In a recently published open letter to the United States Congress, the CEO of Ripple – Brad Garlinghouse – has expressed that Ripple has a desire to be “responsible” and comply with the government for a properly regulated cryptocurrency sector. According to the letter, Garlinghouse insists that the cryptocurrency and blockchain industry only seeks to promote financial freedom.
We’re not trying to Replace the Dollar
Signed by Garlinghouse along with Chris Larsen, Executive Chairman and Co-Founder of Ripple, the letter tries to suggest to the government that the players in the industry are not interested in any unbecoming activity and are still answerable to the law.
“Many in the blockchain and digital currency industry are responsible actors. We are responsible to U.S. and international law. We are responsible to serving the greater good.”
Furthermore, Garlinghouse tries to explain that all the innovation in the crypto industry seeks to work in hand with already established firms to better complement their core business functions and not to disrupt or replace any of the institutions or even fiat currencies.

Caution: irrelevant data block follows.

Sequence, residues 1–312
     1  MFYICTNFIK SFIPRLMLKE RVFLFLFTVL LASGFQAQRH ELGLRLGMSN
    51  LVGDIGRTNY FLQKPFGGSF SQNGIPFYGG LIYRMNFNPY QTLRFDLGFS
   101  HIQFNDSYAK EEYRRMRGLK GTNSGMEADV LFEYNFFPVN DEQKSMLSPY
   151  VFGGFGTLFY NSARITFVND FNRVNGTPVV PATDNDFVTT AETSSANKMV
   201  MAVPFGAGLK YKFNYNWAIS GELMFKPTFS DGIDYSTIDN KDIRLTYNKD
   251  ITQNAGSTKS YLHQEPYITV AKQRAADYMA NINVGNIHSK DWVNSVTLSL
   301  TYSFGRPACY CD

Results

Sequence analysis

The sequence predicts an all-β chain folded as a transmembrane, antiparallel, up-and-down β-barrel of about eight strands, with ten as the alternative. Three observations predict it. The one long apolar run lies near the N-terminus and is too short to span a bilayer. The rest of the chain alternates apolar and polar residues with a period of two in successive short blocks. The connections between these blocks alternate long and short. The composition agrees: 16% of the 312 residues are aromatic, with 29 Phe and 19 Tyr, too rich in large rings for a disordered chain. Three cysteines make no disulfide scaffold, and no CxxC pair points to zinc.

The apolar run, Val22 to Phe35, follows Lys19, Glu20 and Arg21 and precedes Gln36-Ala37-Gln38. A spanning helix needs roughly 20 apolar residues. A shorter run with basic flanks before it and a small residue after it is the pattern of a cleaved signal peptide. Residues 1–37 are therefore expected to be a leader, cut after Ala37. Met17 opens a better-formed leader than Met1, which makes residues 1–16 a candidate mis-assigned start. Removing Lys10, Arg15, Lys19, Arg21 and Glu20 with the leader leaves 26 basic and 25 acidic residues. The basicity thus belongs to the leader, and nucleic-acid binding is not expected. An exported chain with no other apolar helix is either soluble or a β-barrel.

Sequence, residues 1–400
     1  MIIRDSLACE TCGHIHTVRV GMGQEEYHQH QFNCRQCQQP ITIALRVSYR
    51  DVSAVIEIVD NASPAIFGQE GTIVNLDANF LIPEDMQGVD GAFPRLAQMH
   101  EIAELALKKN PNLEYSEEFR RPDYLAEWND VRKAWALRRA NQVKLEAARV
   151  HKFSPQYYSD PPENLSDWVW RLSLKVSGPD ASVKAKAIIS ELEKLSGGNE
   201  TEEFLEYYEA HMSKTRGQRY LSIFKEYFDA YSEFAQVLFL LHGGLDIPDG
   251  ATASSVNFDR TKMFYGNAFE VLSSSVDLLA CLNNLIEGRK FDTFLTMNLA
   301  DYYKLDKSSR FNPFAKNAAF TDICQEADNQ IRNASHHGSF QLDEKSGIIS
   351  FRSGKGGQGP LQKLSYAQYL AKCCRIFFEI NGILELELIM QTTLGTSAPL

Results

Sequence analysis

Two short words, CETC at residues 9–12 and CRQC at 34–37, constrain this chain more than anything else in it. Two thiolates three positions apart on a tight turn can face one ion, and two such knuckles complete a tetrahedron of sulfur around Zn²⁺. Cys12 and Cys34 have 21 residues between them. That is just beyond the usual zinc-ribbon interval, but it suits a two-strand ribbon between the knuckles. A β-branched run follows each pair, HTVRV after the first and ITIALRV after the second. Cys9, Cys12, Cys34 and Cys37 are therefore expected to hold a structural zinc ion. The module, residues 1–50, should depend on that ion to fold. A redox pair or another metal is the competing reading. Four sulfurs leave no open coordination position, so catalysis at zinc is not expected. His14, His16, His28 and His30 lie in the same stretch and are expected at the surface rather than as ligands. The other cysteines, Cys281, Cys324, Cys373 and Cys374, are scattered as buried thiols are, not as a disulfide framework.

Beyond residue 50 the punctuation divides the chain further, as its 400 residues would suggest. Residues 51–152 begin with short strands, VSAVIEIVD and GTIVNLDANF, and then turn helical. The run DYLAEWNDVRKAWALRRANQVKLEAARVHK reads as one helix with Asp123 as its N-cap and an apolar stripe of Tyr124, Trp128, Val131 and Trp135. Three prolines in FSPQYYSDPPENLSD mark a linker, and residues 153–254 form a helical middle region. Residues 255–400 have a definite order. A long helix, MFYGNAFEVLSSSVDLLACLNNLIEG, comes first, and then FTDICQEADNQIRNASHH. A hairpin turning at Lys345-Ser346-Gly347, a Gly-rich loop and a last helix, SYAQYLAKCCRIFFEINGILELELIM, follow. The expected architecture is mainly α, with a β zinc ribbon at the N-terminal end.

“Companies like ours in the United States, and others abroad, employ these innovations in partnership with regulated financial institutions to enable the world to move money across borders like it already moves information – efficiently, reliably, inexpensively. In our view, digital currencies have the opportunity to complement existing currencies like the U.S. dollar – not replace them.”
Any Connection with the Libra?
Trying to draw a connection between this and Libra would not be too difficult or far-fetched. Since Facebook announced its entry into the crypto industry through the Libra, the U.S. government has been anything but supportive.
Head of the Libra project, David Marcus, recently endured hours of questioning from Congress about whether or not Libra should be allowed because of Facebook’s many privacy issues.
Even though people like Mike Novogratz are of the opinion that Congress was more anti-Facebook than they were anti-Libra, the hearing seems to have put a damper on things.
This is probably why Garlinghouse suggests in the letter, that Congress should not punish the entire sector for the sins of one.
“We urge you to support regulation that does not disadvantage U.S. companies using these technologies to innovate responsibly, and classifies digital currencies in a way that recognizes their fundamental differences – not painting them with a broad brush.”